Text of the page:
Track down the best Piri Piri chicken
If there was one thing on Stirling’s mind when we returned to Portugal, it was to eat Piri Piri chicken. A favourite in the Algarve, it’s not as common up in these parts, so the hunt was on! There are a smattering of places where you can buy dishes imitating this moist, chilli-oil chicken but unless you find the authentic locations, you’ll come away disappointed. In a future article, I’ll share some of our best locations for finding Piri Piri chicken in Lisbon.
Find a ‘hole in the wall’ bar
I keep talking about our first trip to Portugal in 2004. It obviously left a lasting impression on me. I remember our host, Mary taking us into a small village near the resort she owned. Here, in the pouring rain, she pulled us into a hole in the wall where we were faced with the faces of several local men. Suddenly three small shot glasses appeared in front of us filled with ginjinha, a sour cherry liqueur. There’s plenty of opportunities to do that still in Lisbon, or if this isn’t your thing, there’s always plenty of local beers and good wine.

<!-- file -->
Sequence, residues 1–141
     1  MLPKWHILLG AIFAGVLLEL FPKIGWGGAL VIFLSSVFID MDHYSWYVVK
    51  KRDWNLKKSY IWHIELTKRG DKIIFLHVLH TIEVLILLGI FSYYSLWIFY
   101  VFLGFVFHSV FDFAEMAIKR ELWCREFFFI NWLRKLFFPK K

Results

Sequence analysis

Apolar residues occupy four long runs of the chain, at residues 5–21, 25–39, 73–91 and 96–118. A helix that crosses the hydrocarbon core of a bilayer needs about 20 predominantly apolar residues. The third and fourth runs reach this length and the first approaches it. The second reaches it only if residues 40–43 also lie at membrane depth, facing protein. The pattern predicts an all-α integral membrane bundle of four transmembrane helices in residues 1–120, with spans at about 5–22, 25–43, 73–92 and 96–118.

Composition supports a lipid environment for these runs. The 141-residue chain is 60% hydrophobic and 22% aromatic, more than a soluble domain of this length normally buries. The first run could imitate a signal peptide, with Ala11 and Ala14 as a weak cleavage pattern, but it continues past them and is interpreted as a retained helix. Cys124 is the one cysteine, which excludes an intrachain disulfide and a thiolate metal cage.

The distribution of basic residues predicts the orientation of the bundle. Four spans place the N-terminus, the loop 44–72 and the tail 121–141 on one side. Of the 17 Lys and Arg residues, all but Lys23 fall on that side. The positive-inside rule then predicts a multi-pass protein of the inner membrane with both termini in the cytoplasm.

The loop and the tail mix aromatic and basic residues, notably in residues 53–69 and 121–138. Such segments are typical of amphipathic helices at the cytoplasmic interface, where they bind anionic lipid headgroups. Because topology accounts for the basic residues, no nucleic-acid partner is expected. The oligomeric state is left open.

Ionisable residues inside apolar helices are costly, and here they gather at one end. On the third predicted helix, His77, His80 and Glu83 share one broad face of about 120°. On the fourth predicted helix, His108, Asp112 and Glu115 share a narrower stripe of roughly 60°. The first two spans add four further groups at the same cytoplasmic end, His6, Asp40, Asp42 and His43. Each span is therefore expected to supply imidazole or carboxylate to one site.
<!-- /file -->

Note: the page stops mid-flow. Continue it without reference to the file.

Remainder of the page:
Find a street party
We visited Lisbon in June, right in the middle of the Festival of Saint Anthony. The city really comes alive during this time, with parties in the streets every night. By day, the streets are normal, but by around 5 pm, the minibars and portable beer kegs start getting rolled out. BBQs are set up, cooking the strong smelling sardines, and everyone gathers in the street to chat, drink, eat and dance. Seeing grandmothers sit at the front of their house that they have transformed into a portable bar is a sight that continues to elicit a smile from me every time I think about it.
Sit with the locals and take in the sun
The promenade that runs along the Tagus River is a place of great frivolity especially in summer when the sun is out and everyone is feeling happy. The bars and restaurants along here are full and mobile vendors sell organic orange juices and ice cream. It’s easy to participate in such activities, or simply to pull up a chair and take it all in.
Check out the strange rock creations
Whilst you are on the promenade, be sure to pay a visit to the strange rock creations.
How to get to Lisbon
The Aeroporto de Portela, Lisbon Airport provides easy access to the Portuguese capital with regular full-service and budget flights from the UK and Europe. Direct flights from the US and Canada are also possible.